[00:35:36] Rachel Lyons: Yeah, totally. Yeah. I mean, I I'm in sorting too because I did try and stick myself in the engineer box for a long time. And, um, but I think my openness is what's like led to my. Like led me on this path because I ended up taking like totally non-traditional internships, you know, like I was like a living intern for one [00:36:00] of my biggest inspirations and helped her take care of her kids and like helped her with like a couple of projects.

[00:36:05] And that was while I was in college. And while all of my, all of my colleagues at school were like, you know, building rockets and, or like 3d printing machines or like things that I thought that I wanted to do. But, um, Yeah. I like opportunity comes in so many different shapes and forms and, um, I would not have ever guessed that this was going to be my path and I'm so, so grateful for it.

[00:36:30] Yeah.

[00:36:32] Tim Chrisman: Yeah. Um, and one of the things you said yes to as being a, a radio. DJ radio announcer radio hosts, but

[00:36:44] Rachel Lyons: yeah, was, I was a host and you're not, you're not having to Lego. Yeah. Um, I was, uh, I was a host and a DJ. Okay. Um, so two separate things. I was never, again, never well-practiced as a DJ, but. I, [00:37:00] that was the one thing like, so me discovering my love for space basically like unlocked passion in general, like it stopped making me think that I needed to like fit into like a specific social circle, which is kind of like, can be not always, but can be like, Conforming.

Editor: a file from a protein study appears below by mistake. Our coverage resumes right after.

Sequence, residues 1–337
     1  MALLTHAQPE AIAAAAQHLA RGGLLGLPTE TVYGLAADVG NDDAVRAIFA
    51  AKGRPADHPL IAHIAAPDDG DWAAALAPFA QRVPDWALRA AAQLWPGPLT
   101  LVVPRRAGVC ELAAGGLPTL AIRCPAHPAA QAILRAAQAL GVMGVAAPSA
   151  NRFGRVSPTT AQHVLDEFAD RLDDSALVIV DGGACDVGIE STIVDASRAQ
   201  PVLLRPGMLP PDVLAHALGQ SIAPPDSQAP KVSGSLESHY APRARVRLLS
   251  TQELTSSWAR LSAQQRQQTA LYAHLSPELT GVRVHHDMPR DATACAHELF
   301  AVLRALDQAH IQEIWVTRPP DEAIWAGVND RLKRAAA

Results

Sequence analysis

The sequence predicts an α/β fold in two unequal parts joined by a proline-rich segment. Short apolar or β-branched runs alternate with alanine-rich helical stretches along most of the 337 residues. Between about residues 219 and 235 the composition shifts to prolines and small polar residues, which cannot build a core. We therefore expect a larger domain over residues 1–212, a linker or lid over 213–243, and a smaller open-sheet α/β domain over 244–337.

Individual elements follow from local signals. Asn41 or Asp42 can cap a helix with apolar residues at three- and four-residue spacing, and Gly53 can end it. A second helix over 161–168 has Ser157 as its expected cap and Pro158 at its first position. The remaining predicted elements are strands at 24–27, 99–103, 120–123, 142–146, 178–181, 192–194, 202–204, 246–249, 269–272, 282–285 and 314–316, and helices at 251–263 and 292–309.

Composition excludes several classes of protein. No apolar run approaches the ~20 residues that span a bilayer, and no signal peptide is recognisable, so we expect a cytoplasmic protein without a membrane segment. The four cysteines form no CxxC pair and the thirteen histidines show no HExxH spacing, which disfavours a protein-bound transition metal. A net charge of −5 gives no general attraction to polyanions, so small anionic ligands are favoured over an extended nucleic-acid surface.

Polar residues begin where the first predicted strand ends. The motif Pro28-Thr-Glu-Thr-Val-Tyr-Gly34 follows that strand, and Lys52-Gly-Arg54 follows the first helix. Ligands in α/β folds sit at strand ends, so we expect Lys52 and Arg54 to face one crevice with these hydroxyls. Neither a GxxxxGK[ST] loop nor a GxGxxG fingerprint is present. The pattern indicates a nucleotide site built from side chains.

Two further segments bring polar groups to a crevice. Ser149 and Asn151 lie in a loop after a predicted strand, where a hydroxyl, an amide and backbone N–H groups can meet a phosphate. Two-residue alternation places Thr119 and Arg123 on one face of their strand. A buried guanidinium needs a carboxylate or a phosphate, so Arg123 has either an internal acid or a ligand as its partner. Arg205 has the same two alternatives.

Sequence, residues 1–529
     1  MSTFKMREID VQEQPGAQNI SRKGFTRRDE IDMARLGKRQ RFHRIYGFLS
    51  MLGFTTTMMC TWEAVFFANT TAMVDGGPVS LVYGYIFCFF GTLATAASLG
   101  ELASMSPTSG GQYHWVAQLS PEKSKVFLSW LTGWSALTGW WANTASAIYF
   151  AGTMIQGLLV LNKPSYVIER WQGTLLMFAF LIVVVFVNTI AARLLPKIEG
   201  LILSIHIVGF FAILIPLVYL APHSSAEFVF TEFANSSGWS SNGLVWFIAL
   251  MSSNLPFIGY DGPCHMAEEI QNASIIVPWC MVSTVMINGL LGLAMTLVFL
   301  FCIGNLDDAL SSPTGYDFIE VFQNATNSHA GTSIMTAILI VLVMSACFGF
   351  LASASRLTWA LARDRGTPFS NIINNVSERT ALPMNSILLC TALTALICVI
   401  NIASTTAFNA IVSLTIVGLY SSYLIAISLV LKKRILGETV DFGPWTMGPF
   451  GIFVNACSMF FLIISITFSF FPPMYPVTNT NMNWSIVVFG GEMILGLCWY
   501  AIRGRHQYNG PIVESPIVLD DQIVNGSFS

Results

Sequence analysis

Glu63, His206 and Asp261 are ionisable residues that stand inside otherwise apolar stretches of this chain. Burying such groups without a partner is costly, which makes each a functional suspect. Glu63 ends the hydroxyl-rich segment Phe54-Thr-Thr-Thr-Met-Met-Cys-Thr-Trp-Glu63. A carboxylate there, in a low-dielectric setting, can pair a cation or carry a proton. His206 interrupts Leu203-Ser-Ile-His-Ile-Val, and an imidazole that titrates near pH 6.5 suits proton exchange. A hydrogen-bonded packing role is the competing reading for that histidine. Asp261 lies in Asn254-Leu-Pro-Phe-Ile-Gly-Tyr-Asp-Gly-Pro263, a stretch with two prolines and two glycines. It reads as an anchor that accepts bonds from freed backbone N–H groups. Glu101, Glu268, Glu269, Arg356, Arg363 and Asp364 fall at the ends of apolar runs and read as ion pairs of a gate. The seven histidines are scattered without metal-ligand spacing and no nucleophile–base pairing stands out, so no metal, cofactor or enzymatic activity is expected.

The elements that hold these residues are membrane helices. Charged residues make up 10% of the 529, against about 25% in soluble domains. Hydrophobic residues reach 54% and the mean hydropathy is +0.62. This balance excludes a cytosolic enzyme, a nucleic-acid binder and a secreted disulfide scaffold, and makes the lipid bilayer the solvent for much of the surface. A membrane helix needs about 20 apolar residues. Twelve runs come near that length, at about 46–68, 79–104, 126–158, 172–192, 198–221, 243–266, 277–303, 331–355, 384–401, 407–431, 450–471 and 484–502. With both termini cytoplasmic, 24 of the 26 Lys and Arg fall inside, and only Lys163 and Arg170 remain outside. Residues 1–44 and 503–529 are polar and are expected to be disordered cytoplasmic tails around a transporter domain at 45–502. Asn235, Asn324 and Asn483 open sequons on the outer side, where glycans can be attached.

[00:37:15] Um, and yeah, and, and so it made me just like, kind of like go off and become a little bit more of an individual and start discovering things that I loved. And one of those things that I just ended up going a lot deeper into was music. And I. Um, yeah, I've always, I've always loved singing, always loved music, but I never really fully went into ad and I ended up running the radio station at my school and, um, had multiple radio shows had started deejaying a little bit.

[00:37:46] I was DJ space race. Okay. Um, yeah, so that, that was very fun. You know,

[00:37:51] Tim Chrisman: I'm writing down a note to look up YouTube for DJ space rage.

[00:37:55] Rachel Lyons: Okay. Yeah, we have, I dunno if you'll find much I did, I do have a SoundCloud, but I don't [00:38:00] even know if I had any of my own stuff on there. Um, my space. Yeah, exactly. Like my space.

[00:38:05] Um, and yeah, and then I had a show called. Planetary funk. That was just like, you know, I would just play, but this was kinda my way of bringing the overview effect to people. It's like, we can have those kinds of perspectives shifting experiences in so many ways. And so what that goal of my show was. Was, I would like go to like, you know, different, I would put like indigenous music from like tribes around the world, or like go specifically to like regions in Europe or like, even like some like weird, you know, music from Russia and, um, kind of like talk about like a little bit of the history behind the music and like what the instruments are and, um, have it be a way that I could expose people to other cultures when they're just like driving.

[00:38:52] To work. Yeah. And that's another kind of like part of the overview of factor or like something similar to a lot of people say that they have that experience from [00:39:00] traveling and from, from going to other, other cultures around the world. And so I think experiencing, um, the way that these cultures express themselves is something that I can do sitting in my seats in the middle, you know, in Colorado and like have such a feel for what this.